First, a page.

A good multiple could be found by considering consistent values in business; it may be earnings before financing costs as removing liabilities owed to the bank.

The varied essentials to calculate DFCF are given above, with the formula being the most important.

Buyers could conduct some research on how other businesses of the same line were solved or the value at which they are trading. This helps them in determining the correct multiple to estimate enterprise value.

Components of Debt and Cash

The components are: 

1. Debt: While valuing businesses for debt-free cash-free transactions, the followings may be considered debts.

  • Leasing Obligations: A landlord gives the third party the right to use property under the agreed terms for a fixed period in return for rental payments or considerations are termed as leasing obligations.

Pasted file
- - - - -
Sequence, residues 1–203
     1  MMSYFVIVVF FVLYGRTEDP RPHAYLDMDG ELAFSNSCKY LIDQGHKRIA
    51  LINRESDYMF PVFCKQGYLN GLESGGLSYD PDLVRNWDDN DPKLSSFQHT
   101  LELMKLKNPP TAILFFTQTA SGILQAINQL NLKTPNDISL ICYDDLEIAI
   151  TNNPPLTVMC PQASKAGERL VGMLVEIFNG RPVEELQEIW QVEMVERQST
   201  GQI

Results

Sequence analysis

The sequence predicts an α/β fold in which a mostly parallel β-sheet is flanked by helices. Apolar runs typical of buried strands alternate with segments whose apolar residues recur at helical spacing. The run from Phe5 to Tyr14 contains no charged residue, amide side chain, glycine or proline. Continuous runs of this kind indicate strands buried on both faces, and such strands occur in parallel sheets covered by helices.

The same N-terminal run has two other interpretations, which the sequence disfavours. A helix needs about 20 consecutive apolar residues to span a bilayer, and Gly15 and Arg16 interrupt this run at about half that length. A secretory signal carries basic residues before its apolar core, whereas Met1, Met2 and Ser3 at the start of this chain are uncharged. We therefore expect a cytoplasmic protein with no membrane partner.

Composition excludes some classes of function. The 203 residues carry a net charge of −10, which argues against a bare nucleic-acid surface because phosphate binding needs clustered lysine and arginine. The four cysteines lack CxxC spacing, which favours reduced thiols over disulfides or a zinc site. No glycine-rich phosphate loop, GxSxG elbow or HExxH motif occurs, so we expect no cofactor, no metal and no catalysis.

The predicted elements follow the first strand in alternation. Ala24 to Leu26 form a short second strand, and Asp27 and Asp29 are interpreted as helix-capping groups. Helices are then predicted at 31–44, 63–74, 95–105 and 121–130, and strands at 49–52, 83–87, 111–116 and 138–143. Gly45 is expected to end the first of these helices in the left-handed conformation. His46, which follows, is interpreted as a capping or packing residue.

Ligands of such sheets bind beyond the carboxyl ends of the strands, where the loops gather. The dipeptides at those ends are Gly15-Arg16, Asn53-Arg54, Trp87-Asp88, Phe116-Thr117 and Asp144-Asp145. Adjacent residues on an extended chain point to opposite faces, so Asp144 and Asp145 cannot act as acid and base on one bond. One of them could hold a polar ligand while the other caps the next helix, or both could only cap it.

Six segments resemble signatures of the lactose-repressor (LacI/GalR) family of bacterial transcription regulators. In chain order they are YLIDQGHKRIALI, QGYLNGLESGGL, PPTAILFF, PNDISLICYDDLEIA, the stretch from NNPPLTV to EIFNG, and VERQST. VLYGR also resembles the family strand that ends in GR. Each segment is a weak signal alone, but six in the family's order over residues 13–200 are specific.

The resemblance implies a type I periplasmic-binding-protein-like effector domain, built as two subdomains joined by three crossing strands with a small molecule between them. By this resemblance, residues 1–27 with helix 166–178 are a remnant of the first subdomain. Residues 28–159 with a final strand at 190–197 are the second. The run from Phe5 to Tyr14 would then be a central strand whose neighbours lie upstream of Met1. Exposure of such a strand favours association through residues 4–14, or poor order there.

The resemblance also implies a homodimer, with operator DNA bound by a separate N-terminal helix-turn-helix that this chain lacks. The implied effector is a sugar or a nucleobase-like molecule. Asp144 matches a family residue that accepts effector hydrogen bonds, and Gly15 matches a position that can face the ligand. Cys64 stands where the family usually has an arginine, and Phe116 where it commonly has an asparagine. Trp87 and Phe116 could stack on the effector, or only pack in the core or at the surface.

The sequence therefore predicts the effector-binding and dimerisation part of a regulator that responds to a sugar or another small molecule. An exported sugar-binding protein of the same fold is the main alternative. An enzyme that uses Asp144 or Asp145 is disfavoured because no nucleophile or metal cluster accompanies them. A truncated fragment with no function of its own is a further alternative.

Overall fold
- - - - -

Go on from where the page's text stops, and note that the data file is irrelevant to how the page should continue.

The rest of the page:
• Outstanding Tax Obligations: A certain amount of tax debt levied is due to the levying authority, such as the Income Tax department. They are termed O/S Tax Obligations. These obligations may be due to persons, entities, or corporations.
  • Deferred Revenue: Revenue received in advance for the services yet to be provided termed Deferred revenue. E.g., a customer paid for a prepaid plan to the OTT services platform for supposedly one year. Here the revenue for one year is termed as deferred revenue because services for the same will be rendered in the coming year.
  • Off-Balance sheet Liabilities: Liabilities that may or may not occur at a future date and don't require to be reported as per accounting standards are known as off-balance sheet liabilities. E.g., a liability for the firm will arise only if the company loses the court case at a future date.